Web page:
Vagal nerve stimulation has anti inflammatory benefits - the future treatments for Psa?

Anti-inflammatory activities of vagus nerve stimulation

The discovery by Kevin J. Tracey that vagus nerve stimulation inhibits inflammation by suppressing cytokine production has led to significant interest in the potential to use this approach for treating inflammatory diseases ranging from arthritis to colitis, ischemia, myocardial infaction, and congestive heart failure.[20] Action potentials transmitted in the vagus nerve activate the efferent arm of the Inflammatory Reflex, the neural circuit that converges on the spleen to inhibit the production of TNF and other cytokines by macrophages there.[21] This efferent arc is also known as the Cholinergic anti-inflammatory pathway[22] Because this strategy targets the release of TNF, it may be possible to use vagus nerve stimulation instead of anti-TNF antibodies (e.g., Remicade or Enbrel) to treat inflammation. SetPoint Medical, Inc. is an early-stage medical device company developing the experimental implantable neurostimulation devices for the treatment of inflammation.[23]

A recent study published in Science (Sept 15, 2011 DOI : 10.1126/science.1209985) demonstrated the existence of acetylcholine-synthesizing T-cells in the spleen that respond to vagal stimulation, resulting in suppression of inflammatory response / TNF-alpha via macrophages.

[edit] Methods of Stimulation

[edit] Vagal Maneuvers

VNS can be achieved by one of the Vagal maneuvers, though these are not suitable for therapeutic use.

[edit] Direct Vagus Nerve Stimulation

This is currently the only widely used method of therapeutic VNS. It requires the surgical implantation of a stimulator device.

The Cyberonics VNS devices consist of a titanium-encased generator about the size of a pocket watch with a lithium battery to fuel the generator, a lead wire system with electrodes, and an anchor tether to secure leads to the vagus nerve. The battery life for the pulse generator is "between 1 [and] 16 years, depending on the settings [ie how strong the signal being sent is, the length of time the device stimulates the nerve each time, and how frequently the device stimulates the nerve]."[24]

Implantation of the Cyberonics VNS device is usually done as an out-patient procedure. The procedure goes as follows: an incision is made in the upper left chest and the generator is implanted into a little "pouch" on the left chest under the clavicle. A second incision is made in the neck, so that the surgeon can access the vagus nerve. The surgeon then wraps the leads around the left branch of the vagus nerve, and connects the electrodes to the generator. Once successfully implanted, the generator sends electric impulses to the vagus nerve at regular intervals.[25] The left vagus nerve is stimulated rather than the right because the right plays a role in cardiac function such that stimulating it could have negative cardiac effects.[10]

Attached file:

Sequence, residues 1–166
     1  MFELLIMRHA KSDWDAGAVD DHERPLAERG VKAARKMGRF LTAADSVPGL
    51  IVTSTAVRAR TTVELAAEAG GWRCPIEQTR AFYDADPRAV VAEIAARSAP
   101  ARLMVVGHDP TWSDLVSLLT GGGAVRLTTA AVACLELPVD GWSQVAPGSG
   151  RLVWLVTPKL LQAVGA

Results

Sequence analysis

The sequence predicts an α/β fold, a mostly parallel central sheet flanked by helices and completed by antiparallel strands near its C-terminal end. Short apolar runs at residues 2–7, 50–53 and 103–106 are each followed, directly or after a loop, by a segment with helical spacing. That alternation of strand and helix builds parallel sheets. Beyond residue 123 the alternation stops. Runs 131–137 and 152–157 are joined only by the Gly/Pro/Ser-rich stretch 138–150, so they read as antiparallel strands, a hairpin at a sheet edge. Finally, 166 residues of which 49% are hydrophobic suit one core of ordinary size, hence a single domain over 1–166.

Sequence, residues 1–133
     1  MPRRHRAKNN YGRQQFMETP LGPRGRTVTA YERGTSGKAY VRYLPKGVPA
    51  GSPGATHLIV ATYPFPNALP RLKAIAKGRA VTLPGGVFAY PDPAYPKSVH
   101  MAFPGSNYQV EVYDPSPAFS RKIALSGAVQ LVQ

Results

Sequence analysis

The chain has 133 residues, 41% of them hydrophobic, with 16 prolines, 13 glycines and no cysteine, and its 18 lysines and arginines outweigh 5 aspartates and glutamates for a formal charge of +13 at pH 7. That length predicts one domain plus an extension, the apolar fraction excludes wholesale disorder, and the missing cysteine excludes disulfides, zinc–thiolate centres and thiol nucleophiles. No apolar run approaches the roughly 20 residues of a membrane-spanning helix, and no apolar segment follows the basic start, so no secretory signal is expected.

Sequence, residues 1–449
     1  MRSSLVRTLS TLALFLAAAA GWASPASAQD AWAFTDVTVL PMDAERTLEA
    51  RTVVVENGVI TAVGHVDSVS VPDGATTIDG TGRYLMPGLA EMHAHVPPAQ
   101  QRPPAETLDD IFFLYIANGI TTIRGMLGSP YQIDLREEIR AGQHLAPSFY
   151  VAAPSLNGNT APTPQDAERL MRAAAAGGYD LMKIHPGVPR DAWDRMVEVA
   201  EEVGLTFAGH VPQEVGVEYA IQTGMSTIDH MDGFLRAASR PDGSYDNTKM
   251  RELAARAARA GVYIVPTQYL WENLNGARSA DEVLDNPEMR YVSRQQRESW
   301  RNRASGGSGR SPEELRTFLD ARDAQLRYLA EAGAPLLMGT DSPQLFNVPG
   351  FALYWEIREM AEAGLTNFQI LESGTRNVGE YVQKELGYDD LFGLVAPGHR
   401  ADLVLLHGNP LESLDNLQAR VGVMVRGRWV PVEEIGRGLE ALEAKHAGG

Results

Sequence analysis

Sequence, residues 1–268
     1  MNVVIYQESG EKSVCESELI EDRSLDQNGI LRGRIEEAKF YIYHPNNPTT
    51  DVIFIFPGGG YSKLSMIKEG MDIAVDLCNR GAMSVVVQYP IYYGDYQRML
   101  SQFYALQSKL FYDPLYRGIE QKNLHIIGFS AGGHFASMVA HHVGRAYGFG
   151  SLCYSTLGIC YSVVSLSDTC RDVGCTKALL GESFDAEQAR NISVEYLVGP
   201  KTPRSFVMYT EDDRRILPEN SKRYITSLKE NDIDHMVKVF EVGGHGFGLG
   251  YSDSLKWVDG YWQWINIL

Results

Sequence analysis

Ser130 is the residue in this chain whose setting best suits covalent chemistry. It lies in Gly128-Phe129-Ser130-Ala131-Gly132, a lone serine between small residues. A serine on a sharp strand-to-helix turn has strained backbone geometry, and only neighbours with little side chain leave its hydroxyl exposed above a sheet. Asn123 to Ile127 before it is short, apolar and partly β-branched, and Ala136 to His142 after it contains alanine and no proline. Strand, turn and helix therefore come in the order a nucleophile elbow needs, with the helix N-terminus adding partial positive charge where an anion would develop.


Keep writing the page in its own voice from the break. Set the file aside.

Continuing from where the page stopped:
The device is currently only made by Cyberonics, Inc. However, other "wearable" devices are being tested and developed by other companies that involve transcutaneous stimulation and do not require surgery. These devices are similar to TENS (Transcutaneous Electrical Nerve Stimulation) devices that are often used for pain management.[citation needed]

[edit] Transcutaneous Vagus Nerve Stimulation (t-VNS)

This method allows for the stimulation of the vagus nerve without surgical procedure. Electrical impulses are targeted at the aurical (ear), at points where branches of the vagus nerve have cutaneous representation. Specifically the concha has been target for t-VNS.[citation needed]

One such t-VNS device is cerbomed's NEMOS.[26] It is just coming onto the market in 2012. To date, there have been conducted several pilot studies on the effectiveness of t-VNS in different indications:[27][28] Epilepsy: A case series with seven patients who suffer from drug-resistant epilepsy has been conducted. The patients have been treated with t-VNS for nine months. The results indicate the potential for seizure reduction of t-VNS in drug-resistant epilepsies.[29] Pain: Results of a randomized, controlled study investigating somatosensory pain processing with 48 healthy volunteers showed a statistically significant and thus potentially clinically relevant lowering of the mechanical pain perception and a rise in the pressure pain threshold in subjects receiving t-VNS.[30] Several patents have already been filed. US Patent Application Publication Nos. #20070067004, #20080249594, #20090287035, #20100057154.

[edit] See also

[edit] References

  1. ^ Ghanem, T; Early, S (2006). "Vagal nerve stimulator implantation: An otolaryngologist's perspective". Otolaryngology - Head and Neck Surgery 135 (1): 46–51. doi:10.1016/j.otohns.2006.02.037. PMID 16815181.